Resonator: A device that resounds or vibrates in sympathy with a source of sound or vibration.
Reverberant Field: The region in a room where the reflected sound dominates, as opposed to the region close to the noise source where the direct sound dominates.
Reverberation: The persistence of sound in an enclosed space, because of multiple reflections, after the sound source has stopped.
Reverberation Room: A room having a long reverberation time, especially designed to make the sound field inside it as diffuse (homogeneous) as possible.
ReverberationTime (RT): The reverberation time of a room is the time taken for the sound pressure level to decrease 60 dB from its steady-state value when the source of sound energy, is suddenly interrupted. It is a measure of the persistence of an impulsive sound in a room as well as of the amount of acoustical absorption present inside the room. Rooms with long reverberation times are called live rooms.
Sabin: A measure of the sound absorption of a surface; it is the equivalent of one square foot of a perfectly absorptive surface.
Sone: The unit of measurement for loudness. One sone is the loudness of a sound whose loudness level is 40 sones. Loudness is proportional to the sound’s loudness rating, e.g. two sones are twice as loud as one sone.
Sociocusis: Loss of hearing caused by noise exposures that are part of the social environment, exclusive of occupational-noise exposure, physiological changes with age, and disease.
Sound: 1. An oscillation in pressure, stress, particle displacement, particle velocity, etc. in an elastic or partially elastic medium, or the superposition of such propagated alterations. 2. An auditory sensation evoked by the oscillation described above. Not all sound waves can evoke an auditory sensation; e.g. ultrasound.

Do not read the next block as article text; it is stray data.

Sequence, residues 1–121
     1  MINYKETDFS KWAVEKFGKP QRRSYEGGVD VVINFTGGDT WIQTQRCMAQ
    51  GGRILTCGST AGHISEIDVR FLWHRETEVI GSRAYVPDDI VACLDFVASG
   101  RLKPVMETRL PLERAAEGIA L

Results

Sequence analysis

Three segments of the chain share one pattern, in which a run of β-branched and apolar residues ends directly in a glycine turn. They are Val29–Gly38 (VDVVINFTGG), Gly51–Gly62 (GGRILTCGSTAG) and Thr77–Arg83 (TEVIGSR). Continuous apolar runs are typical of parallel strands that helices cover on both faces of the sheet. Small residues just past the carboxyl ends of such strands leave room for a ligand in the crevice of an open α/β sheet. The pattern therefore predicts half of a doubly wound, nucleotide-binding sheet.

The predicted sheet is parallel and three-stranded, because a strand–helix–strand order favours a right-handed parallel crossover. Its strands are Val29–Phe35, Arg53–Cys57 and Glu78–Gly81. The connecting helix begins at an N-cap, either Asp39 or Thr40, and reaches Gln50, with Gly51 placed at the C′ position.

Sound Level: The weighted sound pressure level obtained using a sound level meter and frequency weighting network, such as A, B, or C as specified in ANSI specifications for sound level meters (ANSI SI.4-1971, or the latest revision). If the frequency weighting employed is not indicated, the A-weighted is implied.
Sound Level Meter: An instrument comprised of a microphone, amplifier, output meter, and frequency weighting networks which is used for the measurement of noise and sound levels.
Sound Power: The total sound energy radiated by a source per unit time. The unit of measurement is the watt.
Sound Pressure: The instantaneous difference between the actual pressure produced by a sound wave and the average or barometric pressure at a given point in space.
Sound Pressure Level (SPL): 20 times the logarithm, to the base 10, of the ratio of the pressure of the sound measure to the reference pressure, which is 20 micronewtons per square meter. In equation form, sound pressure level in units of decibels is expressed as SPL (dB)=20 log p/p.
Sound Transmission Coefficient (STC): The average number of decibels of sound reflected away from a partition by a particular reflective barrier material.
Sound Transmission Loss (STL): A measure of sound insulation provided by a structural configuration. Expressed in decibels, it is 10 times the logarithm to the base 10 of the reciprocal of the sound transmission coefficient of the configuration.
Speed (Velocity) of Sound in Air: 344 m/sec (128 ft/sec) at 70 degrees Fahrenheit in air at seal level.
Third-Octave Band: A frequency band whose cutoff frequencies have a ratio of 2 to the one-third power, which is approximately 1.26. The cutoff frequencies of 891 Hz and 1112 Hz define the 1000 Hz third-octave band in common use.
Threshold of Audibility (Threshold of Detectability): The minimum sound pressure level at which a person can hear a specified frequency of sound over a specified number of trials.
Transducer: A device capable of being actuated by waves from one or more transmission systems or media and supplying related waves to one or more other transmission systems or media. Examples are microphones, accelerometers, and loudspeakers.
Ultrasonic: Sounds or frequency higher than 20,000 hertz.
Vibration: An oscillatory motion of solid bodies described by displacement, velocity, or acceleration with respect to a given reference point.
Vibration Isolator: A resilient support for vibrating equipment designed to reduce the amount of vibration transmitted to the other structures.
Wavelength: For a periodic wave (such as a sound in air), the distance between analogous points on any two successive waves. The wavelength of sound in air or in water is inversely proportional to the frequency of the sound. Thus, the lower the frequency, the longer the wavelength.
Weighting: Prescribed frequency filtering provided in a sound level meter.
White Noise: Noise with energy is uniform over wide range of frequencies, being analogous in spectrum characteristics to white light.